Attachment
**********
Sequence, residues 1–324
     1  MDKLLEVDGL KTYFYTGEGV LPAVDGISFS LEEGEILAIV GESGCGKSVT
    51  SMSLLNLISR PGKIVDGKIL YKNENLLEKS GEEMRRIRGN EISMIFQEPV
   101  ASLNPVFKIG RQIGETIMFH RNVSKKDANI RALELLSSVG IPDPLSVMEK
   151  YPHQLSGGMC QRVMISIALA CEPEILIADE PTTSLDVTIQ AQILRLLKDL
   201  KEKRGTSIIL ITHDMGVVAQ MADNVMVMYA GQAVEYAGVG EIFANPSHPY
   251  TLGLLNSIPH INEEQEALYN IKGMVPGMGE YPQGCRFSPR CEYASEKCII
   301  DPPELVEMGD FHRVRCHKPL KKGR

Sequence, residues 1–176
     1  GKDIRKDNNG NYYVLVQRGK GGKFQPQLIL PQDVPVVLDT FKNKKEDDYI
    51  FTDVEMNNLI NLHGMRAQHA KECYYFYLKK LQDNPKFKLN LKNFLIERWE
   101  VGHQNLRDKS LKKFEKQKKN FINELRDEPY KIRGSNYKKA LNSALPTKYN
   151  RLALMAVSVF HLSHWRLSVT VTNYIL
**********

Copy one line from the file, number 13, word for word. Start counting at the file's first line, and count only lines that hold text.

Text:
   151  RLALMAVSVF HLSHWRLSVT VTNYIL